First, though, consumer attitudes in the UK have to be tested and a distinction drawn between the perceived risks of using avian protein and the real (if any) risks.
BioMar global R D manager Jorgen Holm said the Danish based company was routinely using animal protein in trout feeds in Denmark, so public perceptions clearly differ within Europe.
The big retailers are sensitive, of course, to their customers’ opinions and although they make decisions on their behalf, they are weary of scare stories in the mainstream press that may encourage the ‘yuk’ factor.
When the avian protein project was first mooted, one newspaper report was headlined Coming soon to a fish counter near you, the salmon that’s truly fowl.’
Ally Dingwall, Sainsbury’s aquaculture and fisheries manager, said the negative press was a problem and the more anti’ stories there are, the more they will drive perceptions over time, which could be hard to counter.
We can put as much information out there as possible but unless we direct consumers to it, it’s useless,’ he said.
Stirling’s Dave Little presented the results of a consumer survey to gauge perspectives on two alternative protein sources Calysta’s high tech bacterial based feed derived from methane gas, and poultry by-products.
More than 200 salmon consumers were shown the above newspaper headline and also a video of Calysta’s production process and then asked if they would eat salmon fed with both alternatives.
A majority said they would eat the Calysta fed fish, agreeing the method was environmentally sustainable in that it helps protect wild fish stocks. A large group said they wanted more information, however.
With poultry by-products, there were fewer in favour than for Calysta but, said Little, a majority – 58 per cent – said they would eat salmon fed with this protein.
The conclusion, at least from this small study, was that the public is not against alternative ingredients in principle. The survey also found that the country of provenance – Scotland in this case- was more important to consumers than what the fish were fed, and that presentation is crucial, as is fish welfare.
Interestingly, no one mentioned BSE, and nor was there any talk of the healthy omega-3 properties of farmed salmon, said Little.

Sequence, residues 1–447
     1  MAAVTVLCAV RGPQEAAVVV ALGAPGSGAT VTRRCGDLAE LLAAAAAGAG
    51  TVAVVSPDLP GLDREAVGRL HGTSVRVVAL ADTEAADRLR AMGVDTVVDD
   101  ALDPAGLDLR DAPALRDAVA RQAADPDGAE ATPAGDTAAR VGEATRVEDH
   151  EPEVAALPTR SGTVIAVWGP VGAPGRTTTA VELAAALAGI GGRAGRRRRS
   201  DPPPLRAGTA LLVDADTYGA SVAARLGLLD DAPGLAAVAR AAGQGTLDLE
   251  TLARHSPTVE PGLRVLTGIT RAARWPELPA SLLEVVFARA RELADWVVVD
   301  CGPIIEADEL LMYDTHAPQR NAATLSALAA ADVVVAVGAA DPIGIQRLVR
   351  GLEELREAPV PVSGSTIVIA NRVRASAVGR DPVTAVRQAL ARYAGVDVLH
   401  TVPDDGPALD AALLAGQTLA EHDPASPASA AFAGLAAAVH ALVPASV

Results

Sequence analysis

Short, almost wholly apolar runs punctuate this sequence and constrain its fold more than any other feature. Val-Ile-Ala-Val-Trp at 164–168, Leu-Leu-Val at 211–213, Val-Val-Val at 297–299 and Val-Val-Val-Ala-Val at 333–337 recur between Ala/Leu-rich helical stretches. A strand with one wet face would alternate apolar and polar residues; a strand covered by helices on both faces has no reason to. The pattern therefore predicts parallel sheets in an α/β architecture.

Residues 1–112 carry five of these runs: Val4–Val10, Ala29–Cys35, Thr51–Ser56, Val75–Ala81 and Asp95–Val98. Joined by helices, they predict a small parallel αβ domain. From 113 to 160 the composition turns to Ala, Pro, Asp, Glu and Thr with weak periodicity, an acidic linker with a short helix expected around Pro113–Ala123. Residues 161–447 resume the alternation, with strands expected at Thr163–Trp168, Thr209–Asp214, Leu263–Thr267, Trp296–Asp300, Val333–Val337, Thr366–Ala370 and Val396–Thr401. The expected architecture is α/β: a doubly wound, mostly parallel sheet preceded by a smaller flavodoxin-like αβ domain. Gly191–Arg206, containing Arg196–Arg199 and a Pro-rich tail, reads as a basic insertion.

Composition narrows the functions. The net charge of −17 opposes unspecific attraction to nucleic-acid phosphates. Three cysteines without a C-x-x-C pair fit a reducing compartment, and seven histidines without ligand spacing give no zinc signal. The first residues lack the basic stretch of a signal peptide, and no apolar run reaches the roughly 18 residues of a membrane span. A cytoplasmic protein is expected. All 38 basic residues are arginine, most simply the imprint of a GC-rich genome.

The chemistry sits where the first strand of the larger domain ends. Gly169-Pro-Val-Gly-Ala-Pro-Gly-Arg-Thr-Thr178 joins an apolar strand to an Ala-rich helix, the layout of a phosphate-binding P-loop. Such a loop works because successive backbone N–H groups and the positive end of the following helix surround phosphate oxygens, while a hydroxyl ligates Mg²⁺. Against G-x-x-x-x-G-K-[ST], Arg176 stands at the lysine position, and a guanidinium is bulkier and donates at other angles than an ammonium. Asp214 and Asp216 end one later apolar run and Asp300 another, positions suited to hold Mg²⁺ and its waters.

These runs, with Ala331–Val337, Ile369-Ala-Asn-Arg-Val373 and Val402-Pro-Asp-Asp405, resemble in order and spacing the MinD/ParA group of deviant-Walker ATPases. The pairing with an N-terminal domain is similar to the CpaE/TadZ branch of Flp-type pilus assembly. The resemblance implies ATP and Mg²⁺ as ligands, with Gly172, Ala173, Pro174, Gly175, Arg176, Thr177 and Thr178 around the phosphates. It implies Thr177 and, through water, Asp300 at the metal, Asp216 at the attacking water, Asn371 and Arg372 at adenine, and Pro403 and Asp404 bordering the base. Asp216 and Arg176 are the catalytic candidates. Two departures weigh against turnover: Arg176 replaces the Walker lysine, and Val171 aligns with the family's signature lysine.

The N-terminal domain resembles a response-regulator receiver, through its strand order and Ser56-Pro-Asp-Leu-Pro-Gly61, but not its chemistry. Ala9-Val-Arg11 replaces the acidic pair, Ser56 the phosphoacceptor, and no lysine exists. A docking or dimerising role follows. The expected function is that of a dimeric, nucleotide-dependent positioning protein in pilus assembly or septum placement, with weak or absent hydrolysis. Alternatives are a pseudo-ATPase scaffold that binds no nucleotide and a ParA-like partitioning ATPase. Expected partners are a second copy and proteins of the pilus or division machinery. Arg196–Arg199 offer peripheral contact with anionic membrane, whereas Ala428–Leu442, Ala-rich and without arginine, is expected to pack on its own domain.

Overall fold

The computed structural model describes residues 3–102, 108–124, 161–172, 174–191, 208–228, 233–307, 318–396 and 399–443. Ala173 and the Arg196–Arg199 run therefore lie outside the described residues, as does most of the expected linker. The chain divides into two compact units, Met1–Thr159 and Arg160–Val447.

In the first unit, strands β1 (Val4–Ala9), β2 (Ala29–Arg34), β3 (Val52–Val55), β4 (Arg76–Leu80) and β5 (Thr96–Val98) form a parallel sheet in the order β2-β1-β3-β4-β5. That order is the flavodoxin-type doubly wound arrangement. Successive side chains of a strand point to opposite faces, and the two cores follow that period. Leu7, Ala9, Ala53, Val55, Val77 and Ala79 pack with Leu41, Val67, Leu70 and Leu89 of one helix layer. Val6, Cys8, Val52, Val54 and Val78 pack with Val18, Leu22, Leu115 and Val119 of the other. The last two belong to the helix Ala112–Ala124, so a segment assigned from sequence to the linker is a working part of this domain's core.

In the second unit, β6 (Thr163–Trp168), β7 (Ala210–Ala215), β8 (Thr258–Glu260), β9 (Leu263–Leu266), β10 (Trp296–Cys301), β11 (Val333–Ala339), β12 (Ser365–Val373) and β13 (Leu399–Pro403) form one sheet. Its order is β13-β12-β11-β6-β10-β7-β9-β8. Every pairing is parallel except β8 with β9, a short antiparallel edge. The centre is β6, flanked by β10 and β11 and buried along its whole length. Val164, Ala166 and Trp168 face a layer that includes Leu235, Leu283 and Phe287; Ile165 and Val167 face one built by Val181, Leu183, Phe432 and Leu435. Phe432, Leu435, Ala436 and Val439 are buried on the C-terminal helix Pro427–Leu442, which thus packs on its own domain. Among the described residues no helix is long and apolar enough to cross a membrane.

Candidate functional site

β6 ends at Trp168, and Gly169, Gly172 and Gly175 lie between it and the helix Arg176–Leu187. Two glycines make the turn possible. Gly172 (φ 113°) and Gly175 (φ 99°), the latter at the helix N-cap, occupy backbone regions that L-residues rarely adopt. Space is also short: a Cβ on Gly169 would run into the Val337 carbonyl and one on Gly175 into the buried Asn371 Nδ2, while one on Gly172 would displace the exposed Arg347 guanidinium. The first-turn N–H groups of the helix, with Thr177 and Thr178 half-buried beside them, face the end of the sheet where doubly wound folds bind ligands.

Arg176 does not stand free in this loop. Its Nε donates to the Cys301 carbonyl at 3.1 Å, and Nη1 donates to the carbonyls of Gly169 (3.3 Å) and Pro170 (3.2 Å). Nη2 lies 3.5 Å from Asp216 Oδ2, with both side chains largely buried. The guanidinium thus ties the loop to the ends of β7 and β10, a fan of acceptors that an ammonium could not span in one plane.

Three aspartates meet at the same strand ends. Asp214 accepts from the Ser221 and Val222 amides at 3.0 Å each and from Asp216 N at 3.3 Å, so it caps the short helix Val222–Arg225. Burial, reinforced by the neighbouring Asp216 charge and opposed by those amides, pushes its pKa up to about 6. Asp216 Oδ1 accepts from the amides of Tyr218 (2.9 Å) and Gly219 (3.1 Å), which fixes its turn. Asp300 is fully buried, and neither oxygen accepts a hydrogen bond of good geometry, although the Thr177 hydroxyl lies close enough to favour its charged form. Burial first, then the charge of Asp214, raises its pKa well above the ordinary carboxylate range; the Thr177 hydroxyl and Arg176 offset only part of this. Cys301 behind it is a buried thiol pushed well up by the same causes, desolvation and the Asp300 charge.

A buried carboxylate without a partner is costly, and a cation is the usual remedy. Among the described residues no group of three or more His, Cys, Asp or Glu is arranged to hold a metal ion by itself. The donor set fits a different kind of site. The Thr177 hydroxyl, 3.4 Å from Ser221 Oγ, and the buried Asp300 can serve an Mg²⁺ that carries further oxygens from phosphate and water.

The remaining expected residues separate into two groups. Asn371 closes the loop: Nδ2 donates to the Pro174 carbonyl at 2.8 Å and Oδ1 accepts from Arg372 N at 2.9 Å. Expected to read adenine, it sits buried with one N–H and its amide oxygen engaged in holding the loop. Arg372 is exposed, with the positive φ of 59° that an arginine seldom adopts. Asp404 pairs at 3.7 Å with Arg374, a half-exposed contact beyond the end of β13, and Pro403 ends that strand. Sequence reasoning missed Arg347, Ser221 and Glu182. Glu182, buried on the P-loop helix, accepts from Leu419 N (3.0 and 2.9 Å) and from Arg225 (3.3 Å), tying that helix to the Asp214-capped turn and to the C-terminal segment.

‘I don’t think consumers are linking this [protein] at all with issues in the food chain despite having read the largely negative press.’
For those tiny proportion of consumers who do have concerns, there is a case for making more information available, but who would be most trusted to give that information
The next step would be to conduct a more indepth consumer survey but, Little believes, we are pushing at an open door’.
‘The fact that they [avian proteins] are in regular use in the rest of the world with no adverse effects is a good selling point.’
However, there was scepticism, not just from the retail sector, but also from some feed manufacturers.
iv Crampton, principal scientist at Ewos, now part of Cargill, defended the widespread use of soy protein concentrate in salmon feed.
‘Well sourced plant proteins are very high quality if you know which ones to choose. Any other alternative raw material has to compete with these very good plant ingredients,’ he said, citing Ewos research that showed it was easier to produce fish free feed with just plants than with land animals.
Ally Dingwall said there was a question of prioritisation in tackling the avian protein issue above other fields of research.
But those involved in the project said they did not want this to be ‘an opportunity for innovation lost’ and would be looking at ways to move it along preferably before Brexit sees European research funds drying up.
The project team was due to convene the following morning and re ect on progress so far.
Ideally, said Dave Little, avian protein also needs to be put to the test in trials on a Scottish salmon farm. The debate goes on.
The fact that they are in regular use in the rest of the world with no adverse effects is a good selling point”